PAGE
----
I like big bugs and I cannot lie

Scientists from the Commonwealth Scientific and Industrial Research Organization (CSIRO) in Australia have used 3D printing technology to create larger-than-life replicas of tiny insects.  

Some of the bugs they printed are so small they can't be seen with the naked eye, so the team scanned, enlarged and printed models big enough to view.

The bugs were originally intended for an art exhibit but the project turned out so well the team now believes there may be scientific reasons to keep on printing them. The 3D models could eventually be used to identify gender and other surface characteristics of the miniscule bugs.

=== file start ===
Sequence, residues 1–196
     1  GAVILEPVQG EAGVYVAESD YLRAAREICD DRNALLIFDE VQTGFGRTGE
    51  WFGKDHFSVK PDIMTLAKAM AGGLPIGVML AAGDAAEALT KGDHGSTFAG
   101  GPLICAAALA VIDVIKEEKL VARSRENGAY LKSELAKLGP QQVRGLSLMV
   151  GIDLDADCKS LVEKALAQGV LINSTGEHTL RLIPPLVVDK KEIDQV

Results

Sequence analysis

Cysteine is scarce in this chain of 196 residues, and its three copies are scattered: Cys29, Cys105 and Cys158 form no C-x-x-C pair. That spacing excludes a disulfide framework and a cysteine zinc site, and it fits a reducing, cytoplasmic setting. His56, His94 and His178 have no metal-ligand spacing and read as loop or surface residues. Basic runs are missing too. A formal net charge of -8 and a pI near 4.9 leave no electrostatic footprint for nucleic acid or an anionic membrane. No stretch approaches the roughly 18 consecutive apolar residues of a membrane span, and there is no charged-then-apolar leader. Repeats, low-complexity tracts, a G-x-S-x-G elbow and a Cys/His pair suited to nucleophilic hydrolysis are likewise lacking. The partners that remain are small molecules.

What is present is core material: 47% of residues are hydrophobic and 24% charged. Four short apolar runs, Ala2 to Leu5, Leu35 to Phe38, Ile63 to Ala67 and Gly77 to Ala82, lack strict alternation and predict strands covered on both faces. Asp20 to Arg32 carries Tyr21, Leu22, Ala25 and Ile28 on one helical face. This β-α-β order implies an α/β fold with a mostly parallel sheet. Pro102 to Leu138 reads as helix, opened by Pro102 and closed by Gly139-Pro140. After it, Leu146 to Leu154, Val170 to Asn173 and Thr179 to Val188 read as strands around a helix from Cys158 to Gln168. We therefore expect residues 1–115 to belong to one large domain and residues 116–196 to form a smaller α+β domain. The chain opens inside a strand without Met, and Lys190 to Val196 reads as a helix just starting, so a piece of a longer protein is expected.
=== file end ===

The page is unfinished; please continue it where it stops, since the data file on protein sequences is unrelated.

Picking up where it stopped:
"We combined science and art to engage the public and through the process we've discovered that 3D printing could be the way of the future for studying these creatures," said CSIRO Science Art Fellow Eleanor Gates-Stuart.

CSIRO's additive manufacturing facility, Lab 22, is normally used for making automotive, aerospace and defense parts for the Australian military. The Arcam 3D printer they are using can produce up to twelve bugs at a time and each build session lasts about ten hours.

"Giant bug production is not necessarily where we saw ourselves going, however, this project is exciting because it brings together two key areas of science - manufacturing and entomology," said Chad Henry, CSIRO's Additive Manufacturing Operations Manager.

Chad Henry and friends

The CSIRO team borrowed the bugs from Canberra's Australian National Insect Collection. In the coming months researchers will be taking detailed 3D scans and producing enlarged replicas for scientific use.